Local vets recall when the guns went silent
Charlie Lombard, of Fort Dodge. was at a military base in South Korea known only as K-16 on a summer night 60 years ago when the sound of artillery fire ceased, signaling the end of combat on the Korean Peninsula.
Elsewhere in South Korea, Dean Williams, of Fort Dodge, had to wait a little bit longer to learn that the fighting was over.
On the other side of the world at an Air Force base in Virginia, Wilmer Fevold, of Gowrie, felt a ”big relief” upon hearing of the armistice.
Former state Senate President Jack Kibbie, an Army veteran who had spent nine months on the front lines at a place called Heartbreak Ridge, was at his family farm in Palo Alto County when he learned of the armistice from news reports.
That armistice went into effect on July 27, 1953, ending fighting that started when North Korea invaded South Korea on June 25, 1950.
The 60th anniversary of the armistice is being marked with events in Washington, D.C., and two local Korean War veterans, Cecil Phipps, of Fort Dodge, and Gordon Madson, of Manson, are there.
There were no such special events in 1953.
”All I can remember was that it was a normal day until 10 p.m.,” said Lombard, who was a member of the Army’s 618th Medical Clearing Company.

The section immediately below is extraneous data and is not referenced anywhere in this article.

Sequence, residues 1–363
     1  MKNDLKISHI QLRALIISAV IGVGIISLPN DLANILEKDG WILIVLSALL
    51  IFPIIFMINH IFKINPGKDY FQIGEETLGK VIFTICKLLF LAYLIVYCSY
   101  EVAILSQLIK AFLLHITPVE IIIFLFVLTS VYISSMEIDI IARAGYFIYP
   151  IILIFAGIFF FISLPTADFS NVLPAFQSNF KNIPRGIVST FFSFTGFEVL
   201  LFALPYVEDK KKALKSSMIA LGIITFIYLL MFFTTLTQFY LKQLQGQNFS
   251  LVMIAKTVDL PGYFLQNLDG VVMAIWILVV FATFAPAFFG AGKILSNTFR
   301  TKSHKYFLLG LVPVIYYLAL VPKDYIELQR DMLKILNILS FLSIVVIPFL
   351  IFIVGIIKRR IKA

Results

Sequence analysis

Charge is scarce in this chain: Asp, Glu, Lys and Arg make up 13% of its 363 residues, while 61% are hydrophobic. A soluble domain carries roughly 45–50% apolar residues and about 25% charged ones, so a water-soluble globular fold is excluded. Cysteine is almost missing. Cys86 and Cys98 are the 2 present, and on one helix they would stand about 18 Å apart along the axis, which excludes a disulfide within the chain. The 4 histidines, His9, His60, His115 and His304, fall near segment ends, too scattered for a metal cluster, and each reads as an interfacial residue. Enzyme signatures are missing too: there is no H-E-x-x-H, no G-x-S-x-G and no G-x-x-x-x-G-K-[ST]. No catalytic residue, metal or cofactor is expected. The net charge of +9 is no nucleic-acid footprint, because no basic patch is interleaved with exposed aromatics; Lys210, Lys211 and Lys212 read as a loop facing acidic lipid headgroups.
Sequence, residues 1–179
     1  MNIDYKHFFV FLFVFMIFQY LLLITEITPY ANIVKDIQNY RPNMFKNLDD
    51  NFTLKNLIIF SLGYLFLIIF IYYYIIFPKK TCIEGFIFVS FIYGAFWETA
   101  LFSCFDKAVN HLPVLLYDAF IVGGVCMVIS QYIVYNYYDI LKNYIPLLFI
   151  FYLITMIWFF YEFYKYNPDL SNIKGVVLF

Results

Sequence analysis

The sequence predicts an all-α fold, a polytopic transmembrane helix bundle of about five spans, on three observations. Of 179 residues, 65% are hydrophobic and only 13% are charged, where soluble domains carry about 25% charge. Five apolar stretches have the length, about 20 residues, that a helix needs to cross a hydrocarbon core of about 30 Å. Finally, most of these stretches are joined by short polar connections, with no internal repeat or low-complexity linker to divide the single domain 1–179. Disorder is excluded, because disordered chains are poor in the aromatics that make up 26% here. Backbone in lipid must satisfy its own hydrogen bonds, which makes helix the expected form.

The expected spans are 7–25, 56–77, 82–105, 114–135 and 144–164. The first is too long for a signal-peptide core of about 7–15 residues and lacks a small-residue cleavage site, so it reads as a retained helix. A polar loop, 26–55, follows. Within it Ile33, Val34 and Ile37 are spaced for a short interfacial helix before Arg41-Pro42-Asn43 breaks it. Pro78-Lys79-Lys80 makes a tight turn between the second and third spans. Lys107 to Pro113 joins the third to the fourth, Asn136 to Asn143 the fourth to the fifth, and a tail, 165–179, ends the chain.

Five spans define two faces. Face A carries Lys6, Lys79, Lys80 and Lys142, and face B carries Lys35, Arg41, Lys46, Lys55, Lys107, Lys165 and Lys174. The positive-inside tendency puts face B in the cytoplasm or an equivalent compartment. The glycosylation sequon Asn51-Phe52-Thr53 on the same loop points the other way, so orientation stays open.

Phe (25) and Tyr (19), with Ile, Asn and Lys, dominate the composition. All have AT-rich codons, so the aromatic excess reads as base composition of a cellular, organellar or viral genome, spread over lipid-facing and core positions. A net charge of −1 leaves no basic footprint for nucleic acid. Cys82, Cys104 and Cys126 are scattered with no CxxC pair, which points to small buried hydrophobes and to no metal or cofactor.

A normal day in South Korea at that time involved a lot of artillery fire. Lombard recalled that there was so much artillery fire that it seemed like an Independence Day fireworks show. But at 10 p.m., all the shooting stopped.
Williams was with an Army infantry unit north of Seoul, South Korea, when the armistice went into effect. He said a couple of days may have passed before the soldiers in his unit learned about it. He recalled that news of the armistice was passed down the chain of command from the commanding officer, to the first sergeant and then to the squad leaders.
Whenever Williams reflects on his Korean War service, the frigid weather always comes to mind.
”When people ask, I tell them I’ve never been so cold in my life as I was when I was over there,” he said.
Fevold was stationed at Langley Air Force Base, training crews to fly a two-engine bomber called a B-26 Marauder, when the fighting stopped. He recalled that he was scheduled to go to South Korea previously, but he wasn’t sent because his wife was pregnant.
”We were interested in what was going on over there,” he said of his fellow airmen at the base.
Because Kibbie had spent so much time on the front lines, he was discharged from the Army on July 3, 1953.
”There was talk of it before we left,” Kibbie said of the armistice.
He was a member of the Army’s 45th Infantry Division and was assigned to a tank. He said that while he was at Heartbreak Ridge, Chinese troops were across a valley from his unit. He estimated that a distance of about three football fields in length separated the Americans from the Chinese. Artillery fire was a nightly occurrence, he said.